Vectra enables us to answer investigative questions that other solutions are unable to address. It provides an explanation of why it has detected something, every time, and always provides insights about these detections. That's very helpful. Within the tool, you always have small question marks that you click on and you have a whole explanation of everything that has been detected: Why has it been detected and what work is the recommended course of action. This approach is very helpful because I know that if I ask somebody new, within our team, to use Vectra, I don't have to spend months or days in training for him to be able to handle the solution properly. It's guided everywhere. It's very easy to use.
What other advice do I have?
Do not be afraid to link Vectra to the domain controller, because doing so can bring a lot of value. It can provide a lot of information. It gets everything from the domain controller and that is very efficient.
You don't need any specialized skills to deploy or use Vectra. It's very intuitive and it's very efficient.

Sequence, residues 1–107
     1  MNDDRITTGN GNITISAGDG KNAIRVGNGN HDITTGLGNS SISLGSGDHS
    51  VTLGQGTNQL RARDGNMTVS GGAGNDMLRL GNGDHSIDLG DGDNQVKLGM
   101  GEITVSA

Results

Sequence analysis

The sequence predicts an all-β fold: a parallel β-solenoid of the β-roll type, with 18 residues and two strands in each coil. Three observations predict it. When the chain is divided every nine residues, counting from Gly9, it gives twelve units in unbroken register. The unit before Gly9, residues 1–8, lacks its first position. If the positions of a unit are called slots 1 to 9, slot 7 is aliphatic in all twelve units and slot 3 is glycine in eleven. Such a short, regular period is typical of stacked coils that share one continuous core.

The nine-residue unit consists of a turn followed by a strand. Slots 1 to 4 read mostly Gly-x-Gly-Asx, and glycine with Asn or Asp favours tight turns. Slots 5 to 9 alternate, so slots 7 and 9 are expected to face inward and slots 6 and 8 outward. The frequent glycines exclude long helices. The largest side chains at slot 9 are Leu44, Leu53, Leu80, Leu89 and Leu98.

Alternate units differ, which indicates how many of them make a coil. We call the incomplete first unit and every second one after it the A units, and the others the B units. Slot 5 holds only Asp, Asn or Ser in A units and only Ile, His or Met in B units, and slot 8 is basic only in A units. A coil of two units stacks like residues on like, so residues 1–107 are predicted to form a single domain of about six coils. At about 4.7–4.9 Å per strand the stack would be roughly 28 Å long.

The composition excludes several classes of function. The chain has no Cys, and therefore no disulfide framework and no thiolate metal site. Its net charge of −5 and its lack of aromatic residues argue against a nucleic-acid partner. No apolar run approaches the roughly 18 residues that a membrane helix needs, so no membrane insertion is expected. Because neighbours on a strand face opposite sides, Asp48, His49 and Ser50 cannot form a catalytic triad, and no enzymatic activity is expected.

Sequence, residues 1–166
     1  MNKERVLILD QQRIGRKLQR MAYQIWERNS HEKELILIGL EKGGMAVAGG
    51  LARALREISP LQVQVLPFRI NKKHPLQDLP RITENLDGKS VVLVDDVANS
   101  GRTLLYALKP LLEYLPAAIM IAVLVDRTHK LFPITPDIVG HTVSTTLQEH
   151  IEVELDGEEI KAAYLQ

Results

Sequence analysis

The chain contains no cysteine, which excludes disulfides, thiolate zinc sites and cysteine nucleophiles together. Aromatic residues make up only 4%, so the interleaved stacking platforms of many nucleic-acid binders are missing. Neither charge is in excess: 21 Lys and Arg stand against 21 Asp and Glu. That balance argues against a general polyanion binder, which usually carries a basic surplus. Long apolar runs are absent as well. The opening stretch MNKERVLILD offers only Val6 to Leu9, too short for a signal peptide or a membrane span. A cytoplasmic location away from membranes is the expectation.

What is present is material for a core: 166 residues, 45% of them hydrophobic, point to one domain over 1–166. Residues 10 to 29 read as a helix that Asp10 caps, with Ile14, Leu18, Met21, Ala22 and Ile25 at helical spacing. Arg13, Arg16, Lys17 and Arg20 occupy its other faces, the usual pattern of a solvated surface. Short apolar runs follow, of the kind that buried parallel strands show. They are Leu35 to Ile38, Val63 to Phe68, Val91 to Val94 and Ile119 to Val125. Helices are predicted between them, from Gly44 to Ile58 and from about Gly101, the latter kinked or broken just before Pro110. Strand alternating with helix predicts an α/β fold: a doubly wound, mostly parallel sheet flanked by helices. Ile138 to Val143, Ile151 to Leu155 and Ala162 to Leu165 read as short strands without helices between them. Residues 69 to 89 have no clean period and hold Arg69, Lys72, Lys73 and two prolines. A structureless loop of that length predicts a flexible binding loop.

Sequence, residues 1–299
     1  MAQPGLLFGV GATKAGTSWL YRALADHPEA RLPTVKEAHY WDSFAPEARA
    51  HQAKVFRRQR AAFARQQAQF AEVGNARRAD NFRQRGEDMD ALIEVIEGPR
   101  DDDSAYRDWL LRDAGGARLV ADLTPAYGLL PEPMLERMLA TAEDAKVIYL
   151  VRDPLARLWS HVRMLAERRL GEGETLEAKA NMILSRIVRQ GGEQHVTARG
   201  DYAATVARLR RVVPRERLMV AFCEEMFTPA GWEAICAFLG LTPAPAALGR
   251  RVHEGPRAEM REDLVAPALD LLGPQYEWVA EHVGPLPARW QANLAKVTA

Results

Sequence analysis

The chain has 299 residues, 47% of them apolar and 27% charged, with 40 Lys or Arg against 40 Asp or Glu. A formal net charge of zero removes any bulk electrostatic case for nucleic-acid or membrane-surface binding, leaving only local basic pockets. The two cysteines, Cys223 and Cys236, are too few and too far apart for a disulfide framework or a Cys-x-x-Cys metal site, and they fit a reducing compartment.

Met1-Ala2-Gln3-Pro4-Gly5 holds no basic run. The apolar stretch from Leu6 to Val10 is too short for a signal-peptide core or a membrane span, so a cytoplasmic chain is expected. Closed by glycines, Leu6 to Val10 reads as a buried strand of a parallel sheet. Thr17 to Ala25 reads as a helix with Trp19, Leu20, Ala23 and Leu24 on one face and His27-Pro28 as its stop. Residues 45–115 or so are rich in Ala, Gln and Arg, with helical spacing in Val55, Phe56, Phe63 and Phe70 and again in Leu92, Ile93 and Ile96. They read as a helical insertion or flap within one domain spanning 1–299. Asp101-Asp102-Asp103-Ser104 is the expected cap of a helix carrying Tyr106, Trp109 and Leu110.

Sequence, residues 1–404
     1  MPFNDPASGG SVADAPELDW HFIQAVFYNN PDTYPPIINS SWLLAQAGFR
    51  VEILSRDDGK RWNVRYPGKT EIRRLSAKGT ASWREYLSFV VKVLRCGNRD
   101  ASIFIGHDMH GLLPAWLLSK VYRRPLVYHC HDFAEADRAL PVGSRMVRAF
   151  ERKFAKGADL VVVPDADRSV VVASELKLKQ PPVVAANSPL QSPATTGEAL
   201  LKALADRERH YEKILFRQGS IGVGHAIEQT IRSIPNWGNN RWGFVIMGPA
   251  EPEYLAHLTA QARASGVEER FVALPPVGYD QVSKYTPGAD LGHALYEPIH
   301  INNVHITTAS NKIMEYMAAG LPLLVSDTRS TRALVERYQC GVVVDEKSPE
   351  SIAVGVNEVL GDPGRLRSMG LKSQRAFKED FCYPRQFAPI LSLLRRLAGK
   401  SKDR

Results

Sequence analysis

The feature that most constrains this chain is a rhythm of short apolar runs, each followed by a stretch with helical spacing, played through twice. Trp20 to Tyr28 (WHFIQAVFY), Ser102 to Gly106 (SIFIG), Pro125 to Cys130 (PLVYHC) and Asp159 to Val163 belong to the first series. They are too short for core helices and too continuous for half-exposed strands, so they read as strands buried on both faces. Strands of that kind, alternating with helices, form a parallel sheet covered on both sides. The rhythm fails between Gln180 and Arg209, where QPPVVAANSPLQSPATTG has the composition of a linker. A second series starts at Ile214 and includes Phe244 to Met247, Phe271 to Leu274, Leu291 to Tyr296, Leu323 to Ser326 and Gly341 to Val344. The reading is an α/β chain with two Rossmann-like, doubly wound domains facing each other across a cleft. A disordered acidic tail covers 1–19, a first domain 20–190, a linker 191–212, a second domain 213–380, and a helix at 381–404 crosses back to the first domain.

We are in the process of deploying the solution’s Privileged Account Analytics for detecting issues with privileged accounts. We are using specific accounts to know whether they have reached some servers. It's quite easy with all these tools to check whether or not a given access to a server is a legitimate one or not.
We don't use the Power Automate functionality in our company, but I was very convinced by their demonstration, and an analyst in my team played with it a bit to check whether or not it was working properly. These are mostly advanced cases for companies that are using Office 365 in a mature manner, which is not the case for our company at the moment.
In our company, less than 10 people are using the Detect solution, and five or six people are using Recall. But we are also extracting reports that are provided to 15 to 20 people.
Which version of this solution are you currently using?